Aral Sea poses threat to the world: Nazarbayev29 september 2015, 19:10
President of Kazakhstan Nursultan Nazarbayev has addressed the problem of the Aral Sea during the 70th session of the UN General Assembly, Tengrinews reports citing the Akorda press office.
Nazarbayev declared that the problem of the Aral Sea posed a threat not only to Kazakhstan, but also to the entire world.
The President brought up the Aral Sea in the context of the country's progress on the way toward greener economy. Kazakhstan has reduced its greenhouse gas emissions and is contributing to conservation of biological diversity on the planet. "We have approved a national concept of transferring to green economy. The problem of the disappearing Aral Sea poses a threat not only to our region, but also the whole country. The drying up of the Aral Sea leaves around 75 million tons of dust and poisonous salts to be carried by the wind as far as Europe and Antarctica. With the support of the World Bank, we were able to restore the northern part of the Aral Sea. We are cooperating with the UN and international associations in rehabilitating the former Semipalatinsk test site area. Central Asian countries are awaiting help to combat these environmental problems," Nazarbayev said.
Back in the first half of the 20th century, Kazakhstan Aral Sea - the world's fourth largest saline lake - was fed by the Amu Darya and Syr Darya rivers. In the 1960s, as a result of Soviet intervention for agricultural purposes, the two rivers were diverted from the Aral Sea creating a major deficit of water inflow. The human alteration to the environmental system of the region resulted in salinity increase from 10 g/l to 100 g/l. The total volume of the lake diminished from 1060 km3 to 210 km3, according to Thompson, Columbia University. The region's once prosperous fishing industry was destroyed together with the sea's fish that became largely extinct because of the extreme salinity, bringing unemployment and economic hardships to the local population. Kazakhstan continuously addresses the issue of the Aral Sea in attempts to solve the environmental disaster.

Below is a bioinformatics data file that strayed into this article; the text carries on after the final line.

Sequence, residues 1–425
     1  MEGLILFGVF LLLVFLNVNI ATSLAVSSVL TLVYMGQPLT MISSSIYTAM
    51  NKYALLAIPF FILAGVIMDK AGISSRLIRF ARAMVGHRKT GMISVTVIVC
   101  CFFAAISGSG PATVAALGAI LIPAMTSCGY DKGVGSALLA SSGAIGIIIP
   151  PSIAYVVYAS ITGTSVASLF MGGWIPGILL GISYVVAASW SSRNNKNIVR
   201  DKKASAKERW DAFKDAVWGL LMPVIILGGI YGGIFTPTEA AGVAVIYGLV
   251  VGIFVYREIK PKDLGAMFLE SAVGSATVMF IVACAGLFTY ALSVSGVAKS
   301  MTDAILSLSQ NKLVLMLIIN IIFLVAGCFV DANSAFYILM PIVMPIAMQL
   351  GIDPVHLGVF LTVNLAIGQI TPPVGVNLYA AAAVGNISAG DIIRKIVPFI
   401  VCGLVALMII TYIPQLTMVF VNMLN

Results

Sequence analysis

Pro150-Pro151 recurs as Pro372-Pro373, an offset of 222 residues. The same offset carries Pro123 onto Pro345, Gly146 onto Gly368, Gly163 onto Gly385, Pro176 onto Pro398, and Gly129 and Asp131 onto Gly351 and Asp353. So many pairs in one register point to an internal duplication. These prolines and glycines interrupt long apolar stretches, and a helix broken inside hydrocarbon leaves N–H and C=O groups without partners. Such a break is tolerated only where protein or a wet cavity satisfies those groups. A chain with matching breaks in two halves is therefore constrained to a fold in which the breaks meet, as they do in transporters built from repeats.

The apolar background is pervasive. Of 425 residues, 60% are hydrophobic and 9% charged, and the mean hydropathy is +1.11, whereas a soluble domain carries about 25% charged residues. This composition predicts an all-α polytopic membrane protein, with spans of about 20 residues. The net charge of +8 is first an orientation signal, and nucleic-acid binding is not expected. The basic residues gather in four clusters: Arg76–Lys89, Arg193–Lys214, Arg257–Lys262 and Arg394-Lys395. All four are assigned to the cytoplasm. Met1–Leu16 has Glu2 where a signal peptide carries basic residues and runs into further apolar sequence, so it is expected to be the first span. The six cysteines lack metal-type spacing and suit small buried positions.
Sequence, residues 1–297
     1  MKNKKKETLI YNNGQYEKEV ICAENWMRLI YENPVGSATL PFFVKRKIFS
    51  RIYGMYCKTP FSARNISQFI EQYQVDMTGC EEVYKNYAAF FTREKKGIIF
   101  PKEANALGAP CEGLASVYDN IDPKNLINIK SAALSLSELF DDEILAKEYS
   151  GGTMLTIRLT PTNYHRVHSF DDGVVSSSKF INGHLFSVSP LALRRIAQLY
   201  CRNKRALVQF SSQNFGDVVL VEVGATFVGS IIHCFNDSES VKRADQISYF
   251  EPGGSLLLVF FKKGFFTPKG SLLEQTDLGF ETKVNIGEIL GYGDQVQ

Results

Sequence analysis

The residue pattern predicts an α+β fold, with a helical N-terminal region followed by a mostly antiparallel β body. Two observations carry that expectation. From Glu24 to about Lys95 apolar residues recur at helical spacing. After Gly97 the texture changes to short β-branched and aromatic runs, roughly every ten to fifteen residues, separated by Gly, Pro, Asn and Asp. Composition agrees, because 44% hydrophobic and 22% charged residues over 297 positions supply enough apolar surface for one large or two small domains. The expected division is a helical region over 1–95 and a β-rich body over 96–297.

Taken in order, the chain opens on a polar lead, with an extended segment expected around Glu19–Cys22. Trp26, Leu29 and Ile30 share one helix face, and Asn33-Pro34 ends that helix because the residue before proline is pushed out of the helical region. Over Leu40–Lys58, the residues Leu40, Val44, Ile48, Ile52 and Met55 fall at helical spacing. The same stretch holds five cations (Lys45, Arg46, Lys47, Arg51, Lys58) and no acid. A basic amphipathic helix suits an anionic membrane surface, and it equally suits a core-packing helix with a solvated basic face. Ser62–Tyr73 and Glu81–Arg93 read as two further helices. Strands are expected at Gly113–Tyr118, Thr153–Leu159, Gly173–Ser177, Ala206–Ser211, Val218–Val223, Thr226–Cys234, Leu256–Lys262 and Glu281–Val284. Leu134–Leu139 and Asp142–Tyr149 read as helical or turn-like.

In an ongoing effort in Kazakhstan to save and replenish the North Aral Sea, a dam project was completed in 2005; in 2008, the water level in this lake had risen by 12 m compared to 2003. Salinity has dropped, and fish are again found in sufficient numbers for some fishing to be viable. The maximum depth of the North Aral Sea is 42 m (as of 2008).
Earlier, the Ministry of Energy suggested using the Irtysh River to save the Aral Sea by replenishing the lake with water from the rivers of Akmola Oblast in central Kazakhstan.
Moreover, Nazarbayev stressed that Kazakhstan supported the global document on the development of our planet.
"The adoption of the sustainable development goals signifies a turning point for countries and nations. The final document of our summit will become a real guide for the development and prosperity on the Earth. National governments all around the world are responsible for the implementation of the Sustainable Development Goals. The goals and landmarks of the UN's new document fully correspond with Kazakhstan's priorities and objectives. The Kazakhstan-2050 Strategy aimed at bringing our country into the list of the World's 30 Most Developed Countries is our response to the contemporary threats," President Nazarbayev said.
In conclusion, the President of Kazakhstan stated that the country was ready to make every effort and use all the resources to support global development.
By Gyuzel Kamalova, editing by Tatyana Kuzmina